We will see what measures are taken to improve Al Madinah Free School. However, the action that has been taken so far has been far quicker to be triggered and much more open to public scrutiny than would be the case for ordinary comprehensives. A damning Ofsted report and a rating of 4 does not make national news for the numerous ordinary comprehensives which have not only fallen below the floor standards but have been at that level for years. Al Madinah was threatened with immediate closure earlier this week. Yet, one of my local schools has been consistently failing (albeit that it has worked hard to go from a 4 to a 3 last year) ever since it opened in new buildings in 1992. It has a roll of less than half its capacity and almost nobody would or does choose to send their child there – the level of parental disengagement is obvious from the fact that at the last Ofsted inspection not a single parent of the 340 children at the school responded to the parent feedback questionnaire. I doubt very much that that school, filled with qualified staff, in good modern buildings and after years of failed intervention to improve it so that it became at least barely adequate will be closed. It doesn’t even make the news locally.
Yet, even though projections say that there will need to be several large schools opened in the area to meet demand, it is allowed to persist as a drain on resources, maleducating its relatively disadvantaged intake and having a large amount of spare capacity. All this in a large city with a low unemployment rate, serving a community which is within walking distance of a lot of job opportunities which its failed students are incapable of taking.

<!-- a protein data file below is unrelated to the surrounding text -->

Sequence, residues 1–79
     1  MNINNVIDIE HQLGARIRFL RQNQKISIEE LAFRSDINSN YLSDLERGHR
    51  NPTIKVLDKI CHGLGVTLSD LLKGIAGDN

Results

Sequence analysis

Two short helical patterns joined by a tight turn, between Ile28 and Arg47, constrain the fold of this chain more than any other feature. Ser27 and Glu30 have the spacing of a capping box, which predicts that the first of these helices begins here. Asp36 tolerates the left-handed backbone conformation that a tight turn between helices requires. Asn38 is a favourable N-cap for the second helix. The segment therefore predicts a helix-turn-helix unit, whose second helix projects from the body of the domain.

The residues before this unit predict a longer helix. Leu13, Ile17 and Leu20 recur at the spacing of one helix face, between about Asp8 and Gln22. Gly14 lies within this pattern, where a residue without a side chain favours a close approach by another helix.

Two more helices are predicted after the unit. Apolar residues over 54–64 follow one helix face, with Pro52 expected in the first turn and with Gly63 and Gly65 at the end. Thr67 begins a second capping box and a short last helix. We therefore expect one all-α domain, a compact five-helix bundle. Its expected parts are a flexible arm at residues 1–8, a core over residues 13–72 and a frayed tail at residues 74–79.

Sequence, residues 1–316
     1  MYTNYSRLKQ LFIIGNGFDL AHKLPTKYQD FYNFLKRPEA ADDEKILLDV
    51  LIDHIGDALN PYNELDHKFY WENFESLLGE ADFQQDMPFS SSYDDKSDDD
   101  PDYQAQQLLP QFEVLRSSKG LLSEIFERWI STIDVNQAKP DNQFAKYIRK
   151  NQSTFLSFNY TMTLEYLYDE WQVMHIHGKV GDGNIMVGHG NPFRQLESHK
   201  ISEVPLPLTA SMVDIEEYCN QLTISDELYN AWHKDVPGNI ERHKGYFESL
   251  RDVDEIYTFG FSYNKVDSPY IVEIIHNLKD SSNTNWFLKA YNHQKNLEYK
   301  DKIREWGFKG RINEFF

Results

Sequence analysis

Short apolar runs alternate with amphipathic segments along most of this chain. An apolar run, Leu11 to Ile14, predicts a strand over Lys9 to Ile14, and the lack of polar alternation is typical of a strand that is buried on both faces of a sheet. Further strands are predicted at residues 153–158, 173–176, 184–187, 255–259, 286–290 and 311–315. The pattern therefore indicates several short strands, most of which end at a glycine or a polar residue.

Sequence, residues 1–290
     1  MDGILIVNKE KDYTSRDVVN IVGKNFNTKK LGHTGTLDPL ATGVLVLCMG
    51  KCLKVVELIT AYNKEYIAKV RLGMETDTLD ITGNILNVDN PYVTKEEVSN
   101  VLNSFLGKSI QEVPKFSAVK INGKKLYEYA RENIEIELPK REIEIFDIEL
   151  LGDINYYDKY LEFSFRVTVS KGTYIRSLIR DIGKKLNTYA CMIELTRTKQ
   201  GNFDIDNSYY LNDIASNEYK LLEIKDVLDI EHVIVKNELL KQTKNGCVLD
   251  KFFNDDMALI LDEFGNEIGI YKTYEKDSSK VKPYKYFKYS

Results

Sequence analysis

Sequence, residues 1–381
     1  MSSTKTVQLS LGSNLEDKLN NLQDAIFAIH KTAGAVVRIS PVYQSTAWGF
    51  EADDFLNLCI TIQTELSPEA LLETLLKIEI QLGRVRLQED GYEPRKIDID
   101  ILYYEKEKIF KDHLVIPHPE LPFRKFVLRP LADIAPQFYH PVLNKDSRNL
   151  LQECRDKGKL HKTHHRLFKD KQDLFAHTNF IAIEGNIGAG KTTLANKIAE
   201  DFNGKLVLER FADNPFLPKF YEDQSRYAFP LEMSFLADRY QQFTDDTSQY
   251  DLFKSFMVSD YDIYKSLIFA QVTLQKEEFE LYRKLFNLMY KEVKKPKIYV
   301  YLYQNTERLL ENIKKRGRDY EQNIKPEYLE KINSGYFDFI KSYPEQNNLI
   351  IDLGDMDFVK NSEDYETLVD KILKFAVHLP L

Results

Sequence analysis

Free Schools might be a terrible idea, but the pre-existing system is not one to laud.
My comment above also works here.
It does. The big issue then is whether lessons will be learned. If they are then Al Madinah will be a good case study in everything that could go wrong going wrong at once.
Hmmm. OK, let’s get some relative stats.
As a percentage of each, how many free schools and how many comprehensive/mainstream schools have: